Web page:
The fist were the stone transformers (Rock Lords for those who remember them). While the was a passing reference to giants in the book, the whole "mountains come to life" sequence felt unnecessary. It doesn't had anything to the plot, it only serve to show off how far digital effects can go, which is kind of pointless.
    The second is the escape from the goblins. Aside from the horrible Goblin King, the whole scene felt like something put together for a videogame, rather than a movie, with all those movie platforms, ladders and the boss making his triumphal return halfway through the scene.

  4. I totally agree with you, Francesco, and with the other commentators. For me too the film ended more or less at Rivendell. The rest was the usual Hollywood-style CGI-enhanced action movie, and as I'm also past my 30's so now unable to appreciate that too much *yawns* The Dwarves were ludicrously Klingon-esque and, while I loved their accents, I couldn't help but dislike their overall appearance. Thorin, for one, in the book had the longest beard of the company, not the fuzz sported by Richard Armitage ('fuzz' at least by Dwarvish standards, no self-respecting Dwarf would have called that a proper 'beard'). However, I liked the mohawk sported by some of the Dwarves at the Battle of Azanulbizar, a clear nod IMO to Warhammer Fantasy's Dragon-Slayers Dwarfs.
    In summary, for me the highs of the film were: Freeman's Bilbo, Sir McKellen's usually immense Gandalf, Serki's equally brilliant Gollum, the return of the moth, and - above all - the Dwarves' song, the only real mood-setter in the whole film soundtrack-wise. The lows: the giants, the Nazguls' tombs (!) and the abuse of Azog's character. I have mixed feelings about Radagast and his 'Rhosgobel rabbits' - or were they conies? ;-)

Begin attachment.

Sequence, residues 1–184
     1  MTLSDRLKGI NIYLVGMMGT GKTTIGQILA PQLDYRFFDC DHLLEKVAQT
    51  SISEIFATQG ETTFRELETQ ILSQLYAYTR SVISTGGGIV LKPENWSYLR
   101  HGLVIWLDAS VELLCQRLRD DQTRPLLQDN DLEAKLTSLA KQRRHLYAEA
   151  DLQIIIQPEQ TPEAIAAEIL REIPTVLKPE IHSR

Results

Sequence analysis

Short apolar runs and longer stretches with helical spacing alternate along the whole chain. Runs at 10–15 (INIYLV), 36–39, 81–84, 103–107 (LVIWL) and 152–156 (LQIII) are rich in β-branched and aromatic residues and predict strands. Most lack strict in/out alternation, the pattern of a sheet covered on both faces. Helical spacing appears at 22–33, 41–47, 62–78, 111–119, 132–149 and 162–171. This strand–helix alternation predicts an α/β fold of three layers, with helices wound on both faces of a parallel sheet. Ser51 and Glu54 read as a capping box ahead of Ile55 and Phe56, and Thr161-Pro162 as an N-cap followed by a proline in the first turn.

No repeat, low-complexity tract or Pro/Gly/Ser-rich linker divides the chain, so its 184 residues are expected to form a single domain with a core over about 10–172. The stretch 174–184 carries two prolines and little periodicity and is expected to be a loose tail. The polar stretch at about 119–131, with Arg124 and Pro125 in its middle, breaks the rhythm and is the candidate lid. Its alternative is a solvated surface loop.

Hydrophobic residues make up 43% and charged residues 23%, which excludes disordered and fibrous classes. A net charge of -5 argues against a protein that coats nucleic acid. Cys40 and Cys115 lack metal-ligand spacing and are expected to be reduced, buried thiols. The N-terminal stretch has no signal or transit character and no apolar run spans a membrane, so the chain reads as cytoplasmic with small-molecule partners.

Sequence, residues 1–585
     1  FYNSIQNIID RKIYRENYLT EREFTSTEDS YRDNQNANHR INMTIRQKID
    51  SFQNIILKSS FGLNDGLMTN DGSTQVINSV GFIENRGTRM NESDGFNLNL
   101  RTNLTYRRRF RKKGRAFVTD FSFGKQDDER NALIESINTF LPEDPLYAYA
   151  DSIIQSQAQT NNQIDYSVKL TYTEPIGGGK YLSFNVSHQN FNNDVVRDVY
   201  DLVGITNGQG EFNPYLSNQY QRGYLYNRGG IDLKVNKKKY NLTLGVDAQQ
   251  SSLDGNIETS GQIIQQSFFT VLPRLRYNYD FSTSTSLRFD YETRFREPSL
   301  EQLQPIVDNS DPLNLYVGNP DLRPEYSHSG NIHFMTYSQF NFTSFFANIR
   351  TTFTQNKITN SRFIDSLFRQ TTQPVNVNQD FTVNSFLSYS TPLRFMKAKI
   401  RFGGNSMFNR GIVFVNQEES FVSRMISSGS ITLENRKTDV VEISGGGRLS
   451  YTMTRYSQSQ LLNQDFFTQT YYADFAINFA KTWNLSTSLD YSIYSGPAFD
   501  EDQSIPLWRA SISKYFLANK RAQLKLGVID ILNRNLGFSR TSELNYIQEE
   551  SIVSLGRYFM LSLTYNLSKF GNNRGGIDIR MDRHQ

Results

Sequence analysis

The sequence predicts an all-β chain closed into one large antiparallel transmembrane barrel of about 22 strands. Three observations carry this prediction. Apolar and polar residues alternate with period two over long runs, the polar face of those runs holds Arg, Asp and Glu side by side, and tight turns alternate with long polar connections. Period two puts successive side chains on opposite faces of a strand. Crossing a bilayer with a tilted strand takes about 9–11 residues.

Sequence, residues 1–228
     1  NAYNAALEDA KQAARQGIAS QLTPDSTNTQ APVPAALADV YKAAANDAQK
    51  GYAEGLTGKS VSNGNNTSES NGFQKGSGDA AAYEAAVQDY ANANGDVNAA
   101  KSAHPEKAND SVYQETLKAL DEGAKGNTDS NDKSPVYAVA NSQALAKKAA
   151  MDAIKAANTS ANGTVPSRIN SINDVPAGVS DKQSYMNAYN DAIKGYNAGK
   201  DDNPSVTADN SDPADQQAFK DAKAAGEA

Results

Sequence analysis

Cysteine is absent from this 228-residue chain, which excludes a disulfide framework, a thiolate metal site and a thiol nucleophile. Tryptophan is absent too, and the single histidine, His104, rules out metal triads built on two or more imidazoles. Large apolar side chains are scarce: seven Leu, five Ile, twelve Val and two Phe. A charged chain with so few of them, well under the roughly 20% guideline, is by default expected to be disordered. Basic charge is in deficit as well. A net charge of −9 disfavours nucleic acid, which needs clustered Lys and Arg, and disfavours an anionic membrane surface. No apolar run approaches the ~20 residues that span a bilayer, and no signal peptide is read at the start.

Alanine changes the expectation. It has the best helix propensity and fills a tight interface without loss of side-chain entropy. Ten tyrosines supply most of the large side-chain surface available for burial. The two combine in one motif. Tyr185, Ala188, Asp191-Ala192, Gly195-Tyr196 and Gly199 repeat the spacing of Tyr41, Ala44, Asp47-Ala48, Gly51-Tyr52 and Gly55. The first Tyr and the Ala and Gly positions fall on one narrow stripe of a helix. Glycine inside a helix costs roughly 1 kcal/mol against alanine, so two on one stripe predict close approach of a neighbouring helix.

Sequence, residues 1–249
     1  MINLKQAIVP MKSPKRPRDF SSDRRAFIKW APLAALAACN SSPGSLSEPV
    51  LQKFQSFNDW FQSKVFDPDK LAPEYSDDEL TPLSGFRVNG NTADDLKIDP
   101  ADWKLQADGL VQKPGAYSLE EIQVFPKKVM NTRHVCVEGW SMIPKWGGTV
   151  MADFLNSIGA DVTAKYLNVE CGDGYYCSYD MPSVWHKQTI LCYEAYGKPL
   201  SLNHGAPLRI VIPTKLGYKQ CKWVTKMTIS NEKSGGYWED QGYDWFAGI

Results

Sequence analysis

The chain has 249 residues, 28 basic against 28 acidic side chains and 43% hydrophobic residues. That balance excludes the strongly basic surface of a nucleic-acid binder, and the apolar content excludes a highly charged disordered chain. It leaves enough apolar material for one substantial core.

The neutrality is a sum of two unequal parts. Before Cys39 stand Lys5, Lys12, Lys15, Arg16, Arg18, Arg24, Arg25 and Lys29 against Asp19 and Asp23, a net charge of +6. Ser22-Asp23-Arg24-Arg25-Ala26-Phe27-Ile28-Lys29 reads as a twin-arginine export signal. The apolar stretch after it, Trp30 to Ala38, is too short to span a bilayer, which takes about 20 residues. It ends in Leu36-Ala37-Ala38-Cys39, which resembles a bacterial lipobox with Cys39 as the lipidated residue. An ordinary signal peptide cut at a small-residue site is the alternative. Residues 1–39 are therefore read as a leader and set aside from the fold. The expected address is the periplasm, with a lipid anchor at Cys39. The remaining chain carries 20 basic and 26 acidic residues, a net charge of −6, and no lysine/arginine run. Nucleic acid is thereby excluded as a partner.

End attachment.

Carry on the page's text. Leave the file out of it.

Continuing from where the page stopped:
5. To be honest Hobbit is not that consistent with LOTR / Sil / HOME itself. It is far closer to a fairy-tale then rest of the books (especially Sil) and that is reflected in some of the story arcs. Jackson, being a hobbit itself, only exaggerated these moments even more - but with a twist: Gandalf himself (I believe) says that every good story need a bit of hyperbolism and the Hobbit movie only really makes sense if you take it as a Hobbit story based on "real" history. Many things start to make sense then - dwarves behaving as barbarians, moving and fighting mountains (a storm and avalanche in mountains), elves only serving lettuce, dwarves destroing elven instruments to make fire, all those long and improbable falls... It is a hobbit story, and when you accept that, it is far easier to enjoy it to it's top.

    1. Mmmh, I think I disagree. The Hobbit was already a hobbit story, told entirely within Bilbo's perspective. In fact, in the original story he was clearly the hero, improbably saving the dwarves time and time again. The exaggerations came into being because there were hours and hours (three movies!) to be filled with stuff. I personally wish they could find better 'filler' material...! (For example, I saw on the internet an excerpt from the upcoming extended edition of The Hobbit featuring a witty exchange between Elrond and Bilbo that is nothing but charming! I would have traded that with any of the overlong action scenes in the theatrical release...